Visually Communicating the Plastic Pollution Problem
Did you know that it’s plastic-free July? I’ve been thinking about it a lot; how my own personal choices intersect with the illustrations I’ve created for leading ecologists studying plastics in our environment.
Yesterday my kid asked me for a straw. Not to drink with, but to use for their balloon-powered car STEM craft. After scrounging in drawers and bins, I handed them one of the steel straws that has sat there unused for years. After the metal straw’s weight collapsed the cardboard wheels, I renewed my efforts and managed to find an old bag of the elusive plastic tubes hiding beneath our beeswax cloth wrap and silicone bags.
Why Stress Over Straws?
The balloon-cardboard car worked, and I had a happy kid. But… it gave me pause. Really, what difference can straws make? Are my efforts making a difference? We’re surrounded by plastic. We wear ‘high-tech’ wicking clothing that releases microparticles in the wash (NY Times article on microplastics from clothing). Even though we try, so much of our food is swathed in bundles of plastic. It just feels… daunting.
But then I think about the consequences, and even if what we’re doing isn’t enough, trying has to be better than giving up.
Plastic Pollution Data
Like many modern problems, it’s easy to think that the fault lies with someone else. Looking at recent data of global pollution patterns, we see that the most plastic pollution comes from India, China and Southeast Asia. When we fall into that trap, it can be all too easy to not take responsibility. If we look at plastic generation per person, The United States far outpaces other countries (please note, the time difference between global waste and per person is 10 years).
Drawing for Scientists Searching for Solutions to Plastic Pollution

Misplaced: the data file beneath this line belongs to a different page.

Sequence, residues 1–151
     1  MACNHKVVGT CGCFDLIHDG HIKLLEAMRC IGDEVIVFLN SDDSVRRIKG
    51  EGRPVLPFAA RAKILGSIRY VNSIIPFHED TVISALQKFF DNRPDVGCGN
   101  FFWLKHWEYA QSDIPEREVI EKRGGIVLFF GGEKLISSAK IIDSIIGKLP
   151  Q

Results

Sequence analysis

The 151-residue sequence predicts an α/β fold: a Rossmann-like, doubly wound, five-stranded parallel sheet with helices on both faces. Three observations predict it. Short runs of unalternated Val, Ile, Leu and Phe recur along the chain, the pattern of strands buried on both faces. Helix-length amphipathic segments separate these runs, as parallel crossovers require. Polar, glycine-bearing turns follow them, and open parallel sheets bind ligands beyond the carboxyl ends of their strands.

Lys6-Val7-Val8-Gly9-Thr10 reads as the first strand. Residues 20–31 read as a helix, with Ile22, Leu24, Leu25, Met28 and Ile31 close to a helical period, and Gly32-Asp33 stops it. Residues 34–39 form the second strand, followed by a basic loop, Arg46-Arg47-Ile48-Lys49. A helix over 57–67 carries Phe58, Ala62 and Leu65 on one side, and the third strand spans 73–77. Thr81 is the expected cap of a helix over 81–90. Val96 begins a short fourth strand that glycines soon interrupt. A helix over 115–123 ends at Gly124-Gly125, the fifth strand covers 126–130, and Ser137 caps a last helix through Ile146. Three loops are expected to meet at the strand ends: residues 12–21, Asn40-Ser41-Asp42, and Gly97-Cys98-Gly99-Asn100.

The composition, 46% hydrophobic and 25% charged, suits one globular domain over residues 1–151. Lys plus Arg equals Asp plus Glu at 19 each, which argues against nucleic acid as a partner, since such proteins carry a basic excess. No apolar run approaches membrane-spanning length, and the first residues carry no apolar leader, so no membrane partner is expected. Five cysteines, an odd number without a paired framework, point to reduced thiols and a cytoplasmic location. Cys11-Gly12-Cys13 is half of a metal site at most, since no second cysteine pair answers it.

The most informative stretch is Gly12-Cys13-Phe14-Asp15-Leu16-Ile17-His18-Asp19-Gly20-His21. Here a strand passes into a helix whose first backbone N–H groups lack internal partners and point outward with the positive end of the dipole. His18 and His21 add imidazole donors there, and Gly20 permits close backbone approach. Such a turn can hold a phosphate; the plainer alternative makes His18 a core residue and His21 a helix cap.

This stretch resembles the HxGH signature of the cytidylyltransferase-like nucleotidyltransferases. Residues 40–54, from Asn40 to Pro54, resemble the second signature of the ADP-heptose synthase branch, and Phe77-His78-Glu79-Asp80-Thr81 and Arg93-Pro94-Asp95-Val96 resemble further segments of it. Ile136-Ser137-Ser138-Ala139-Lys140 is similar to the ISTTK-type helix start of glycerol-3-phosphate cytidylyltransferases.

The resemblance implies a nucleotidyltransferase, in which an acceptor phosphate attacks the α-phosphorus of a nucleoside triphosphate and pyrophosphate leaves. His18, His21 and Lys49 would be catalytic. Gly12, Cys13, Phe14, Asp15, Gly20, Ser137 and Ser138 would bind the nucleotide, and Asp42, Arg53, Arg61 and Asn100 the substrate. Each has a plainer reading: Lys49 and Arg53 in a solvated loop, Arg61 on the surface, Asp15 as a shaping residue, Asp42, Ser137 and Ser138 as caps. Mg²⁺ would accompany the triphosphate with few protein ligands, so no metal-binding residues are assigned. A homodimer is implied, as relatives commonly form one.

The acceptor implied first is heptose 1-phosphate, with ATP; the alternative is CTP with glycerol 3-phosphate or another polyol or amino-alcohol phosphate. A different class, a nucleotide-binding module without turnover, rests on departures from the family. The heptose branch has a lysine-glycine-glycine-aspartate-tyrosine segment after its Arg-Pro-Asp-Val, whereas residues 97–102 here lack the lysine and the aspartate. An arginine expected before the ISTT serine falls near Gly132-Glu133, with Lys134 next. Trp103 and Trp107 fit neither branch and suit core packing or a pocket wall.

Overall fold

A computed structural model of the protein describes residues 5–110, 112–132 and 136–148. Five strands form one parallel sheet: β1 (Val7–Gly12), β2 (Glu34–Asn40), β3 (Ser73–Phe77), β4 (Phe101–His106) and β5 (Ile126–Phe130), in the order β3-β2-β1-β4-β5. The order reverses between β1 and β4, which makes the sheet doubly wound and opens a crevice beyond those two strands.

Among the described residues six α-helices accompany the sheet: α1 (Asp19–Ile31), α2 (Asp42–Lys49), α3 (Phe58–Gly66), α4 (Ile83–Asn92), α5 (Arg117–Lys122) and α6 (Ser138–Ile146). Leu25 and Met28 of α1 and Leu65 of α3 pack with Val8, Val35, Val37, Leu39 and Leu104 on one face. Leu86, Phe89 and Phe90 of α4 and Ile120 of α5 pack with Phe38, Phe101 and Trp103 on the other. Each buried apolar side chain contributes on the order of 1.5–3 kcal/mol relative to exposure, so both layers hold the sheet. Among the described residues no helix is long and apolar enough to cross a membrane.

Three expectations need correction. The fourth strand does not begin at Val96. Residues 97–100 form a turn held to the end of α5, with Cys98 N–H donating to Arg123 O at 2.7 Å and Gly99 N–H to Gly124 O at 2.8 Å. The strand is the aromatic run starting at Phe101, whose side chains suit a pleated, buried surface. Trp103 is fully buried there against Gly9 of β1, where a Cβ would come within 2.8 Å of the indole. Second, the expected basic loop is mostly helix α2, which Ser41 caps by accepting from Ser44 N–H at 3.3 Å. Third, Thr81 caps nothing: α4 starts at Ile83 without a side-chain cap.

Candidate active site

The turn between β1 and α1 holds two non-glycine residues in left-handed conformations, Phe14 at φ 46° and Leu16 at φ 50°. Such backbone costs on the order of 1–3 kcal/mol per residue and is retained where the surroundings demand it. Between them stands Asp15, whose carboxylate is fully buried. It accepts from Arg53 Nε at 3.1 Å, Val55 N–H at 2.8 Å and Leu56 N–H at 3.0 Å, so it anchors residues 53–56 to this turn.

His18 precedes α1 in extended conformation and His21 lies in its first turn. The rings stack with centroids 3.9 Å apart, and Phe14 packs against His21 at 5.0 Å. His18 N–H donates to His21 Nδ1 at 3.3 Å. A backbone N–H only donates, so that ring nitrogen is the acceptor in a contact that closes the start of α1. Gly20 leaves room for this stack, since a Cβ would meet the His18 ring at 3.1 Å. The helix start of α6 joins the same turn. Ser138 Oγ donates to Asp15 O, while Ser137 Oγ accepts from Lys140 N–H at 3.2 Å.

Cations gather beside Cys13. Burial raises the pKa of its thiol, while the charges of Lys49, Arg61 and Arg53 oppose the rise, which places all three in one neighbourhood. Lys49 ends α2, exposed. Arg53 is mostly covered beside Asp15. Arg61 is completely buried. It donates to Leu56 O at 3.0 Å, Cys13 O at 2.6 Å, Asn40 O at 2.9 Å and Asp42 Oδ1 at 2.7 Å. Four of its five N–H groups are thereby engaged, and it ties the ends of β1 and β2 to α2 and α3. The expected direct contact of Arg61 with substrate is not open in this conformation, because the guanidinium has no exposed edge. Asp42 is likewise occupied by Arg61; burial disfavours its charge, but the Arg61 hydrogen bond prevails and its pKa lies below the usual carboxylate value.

For several years, I’ve had the opportunity to work with scientists who have committed themselves to studying the plastic problem. They’re searching for large-scale societal solutions. Michael Bank, who we created this global plastics cover for, studies microplastics’ impacts across ecosystems. He’s proposed a worldwide sensor monitoring system to better gauge and track where pollution is coming from so that it can be stopped at its source.
Another leading ocean ecologist, Dr. Douglas McCauley, is doing just that— figuring out how to stop plastics at their source (or at least closer to it). He and the Benioff Institute are studying river clean-up technology to stop pollution before it enters our oceans. Read more about their partnership with the Coca-Cola Foundation to clean plastics from rivers and read our case study about illustrating the Ocean Futures epic visual.
I’m so honored that I’ve been able to help these ecologists in their quest to communicate their science and spread their message. For them, and for my kids who are growing up in this world, I’ll keep doing what I can. To start, I ask you all to do the same and think about how you can make small changes in your daily lives. Here in our house we’ll keep using reusable water bottles and bags, but also try to break our ziplock habit, and get better at not buying food in plastic (argh, but chips!?). Here is a great resource to get started on reducing your plastic use for Plastic Free July.
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